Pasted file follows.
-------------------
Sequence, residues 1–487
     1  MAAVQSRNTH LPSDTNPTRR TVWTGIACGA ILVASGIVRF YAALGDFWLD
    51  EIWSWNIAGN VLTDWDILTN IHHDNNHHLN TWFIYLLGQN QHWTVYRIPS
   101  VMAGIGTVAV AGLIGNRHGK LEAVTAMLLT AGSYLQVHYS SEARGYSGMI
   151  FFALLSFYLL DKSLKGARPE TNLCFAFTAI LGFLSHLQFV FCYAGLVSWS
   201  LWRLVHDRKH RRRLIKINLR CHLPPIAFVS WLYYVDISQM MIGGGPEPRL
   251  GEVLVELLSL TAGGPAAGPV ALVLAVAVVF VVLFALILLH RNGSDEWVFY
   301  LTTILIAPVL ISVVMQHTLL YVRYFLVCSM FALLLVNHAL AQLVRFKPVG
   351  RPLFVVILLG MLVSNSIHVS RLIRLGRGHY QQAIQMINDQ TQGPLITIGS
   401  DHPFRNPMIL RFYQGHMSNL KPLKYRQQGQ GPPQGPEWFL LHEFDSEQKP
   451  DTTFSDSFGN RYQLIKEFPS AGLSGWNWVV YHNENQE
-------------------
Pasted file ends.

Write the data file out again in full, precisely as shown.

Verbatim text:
Sequence, residues 1–487
     1  MAAVQSRNTH LPSDTNPTRR TVWTGIACGA ILVASGIVRF YAALGDFWLD
    51  EIWSWNIAGN VLTDWDILTN IHHDNNHHLN TWFIYLLGQN QHWTVYRIPS
   101  VMAGIGTVAV AGLIGNRHGK LEAVTAMLLT AGSYLQVHYS SEARGYSGMI
   151  FFALLSFYLL DKSLKGARPE TNLCFAFTAI LGFLSHLQFV FCYAGLVSWS
   201  LWRLVHDRKH RRRLIKINLR CHLPPIAFVS WLYYVDISQM MIGGGPEPRL
   251  GEVLVELLSL TAGGPAAGPV ALVLAVAVVF VVLFALILLH RNGSDEWVFY
   301  LTTILIAPVL ISVVMQHTLL YVRYFLVCSM FALLLVNHAL AQLVRFKPVG
   351  RPLFVVILLG MLVSNSIHVS RLIRLGRGHY QQAIQMINDQ TQGPLITIGS
   401  DHPFRNPMIL RFYQGHMSNL KPLKYRQQGQ GPPQGPEWFL LHEFDSEQKP
   451  DTTFSDSFGN RYQLIKEFPS AGLSGWNWVV YHNENQE